Oct. 17, Haitians took to the streets in Port-au-Prince, the nation’s capital, protesting the alleged misuse of PetroCaribe funds. According to sources, the funds were a part of a Venezuelan-sponsored oil assistance program.

According to The Haitian Times, government officials squandered $3.8 billion of the fuel funds under the administration of former President Michel Martelly in 2005.

The present administration, under President Jovenal Moise, recently announced a fuel price increase: gasoline up 38 percent, diesel fuel up 47 percent and kerosene up 51 percent.

“It was 1 million people taking to the streets [in Port-au-Prince alone],” said Ezili Danto, CEO of the Connecticut-based Haitian Lawyers Leadership Network during a telephone interview with the AmNews. “Some say 10 other cities registered protests against corruption, colonial leadership and the abuse of public money, a stop to apartheid and the social and economic exclusion of the majority, for the right to jobs, infrastructure, health care, education, security and a difference for the children.”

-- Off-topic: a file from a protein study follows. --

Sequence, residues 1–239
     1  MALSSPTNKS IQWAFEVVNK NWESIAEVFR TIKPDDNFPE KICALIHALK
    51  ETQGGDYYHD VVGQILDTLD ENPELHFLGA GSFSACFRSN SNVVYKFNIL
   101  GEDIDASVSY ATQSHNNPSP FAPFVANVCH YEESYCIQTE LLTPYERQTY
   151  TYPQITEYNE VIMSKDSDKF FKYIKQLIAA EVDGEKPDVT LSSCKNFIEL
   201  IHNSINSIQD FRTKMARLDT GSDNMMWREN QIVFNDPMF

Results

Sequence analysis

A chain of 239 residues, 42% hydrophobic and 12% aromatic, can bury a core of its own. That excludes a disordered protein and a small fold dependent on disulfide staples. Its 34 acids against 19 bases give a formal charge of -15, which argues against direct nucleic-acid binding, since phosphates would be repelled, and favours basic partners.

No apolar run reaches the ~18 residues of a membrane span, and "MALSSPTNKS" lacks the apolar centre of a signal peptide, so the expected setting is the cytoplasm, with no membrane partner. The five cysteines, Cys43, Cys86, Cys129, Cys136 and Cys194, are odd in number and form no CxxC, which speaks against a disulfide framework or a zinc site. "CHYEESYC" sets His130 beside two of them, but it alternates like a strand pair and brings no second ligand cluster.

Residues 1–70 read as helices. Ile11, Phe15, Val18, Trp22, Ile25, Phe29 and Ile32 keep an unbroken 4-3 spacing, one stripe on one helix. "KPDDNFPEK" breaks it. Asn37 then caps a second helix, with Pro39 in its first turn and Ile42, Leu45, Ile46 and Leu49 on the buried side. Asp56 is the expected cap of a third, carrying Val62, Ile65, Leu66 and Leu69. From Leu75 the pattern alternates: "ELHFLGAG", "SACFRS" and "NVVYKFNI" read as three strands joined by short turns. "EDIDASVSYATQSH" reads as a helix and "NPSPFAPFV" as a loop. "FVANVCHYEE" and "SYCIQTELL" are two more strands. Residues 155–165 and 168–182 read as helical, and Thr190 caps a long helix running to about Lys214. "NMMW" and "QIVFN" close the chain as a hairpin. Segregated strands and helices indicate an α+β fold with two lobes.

Danto added that the Western media only reported burning of tires and rocks thrown at police officers, and police fired live ammunition at unarmed protesters, but did not report that Oct. 17 was the new beginning for the movement to “free Haiti.”

“The magnitude of what happened Oct. 17 was unprecedented in Haitian history,” Danto said. Ironically, Oct. 17 marks the 212th anniversary of the assassination of Haiti’s liberator and founding father, Janjak (Jean Jacques) Desalin.

Some observers say “Where is the PetroCaribe money?” is a rallying cry.

“Oct 17, 2018, is a renewal of common objectives where Haitians across the economic strata have come together—the rich, middle class and the poor,” stated Franz Jerome of the Citizens Committee for the Protection of Haiti during a telephone interview with the AmNews.

“The people are now seeing that the so-called international community has a vested interest in keeping the poor people at bay from realizing the looting of their resources—uranium, oil reserves, gold, diamonds,” Jerome said.

“At least seven Haitians died Oct 17, 2018,” Danto argues. “They did not die in vain. They want the Western-imposed government out of Haiti, their resources to be used for local Haiti development.”

Observers say that the police who shot the unarmed protestors were trained by the United Nations. The Haitian National Police were created in 1995 for public security under civilian control as mandated by the Haitian Constitution. There are currently 8,500 officers, according to the United Nations Stabilization Mission in Haiti.

“Obviously we believe that police everywhere need to respect peoples’ right to protest, including in Haiti,” Farhan Haqq, deputy representative for the U.N. secretary-general, told the AmNews.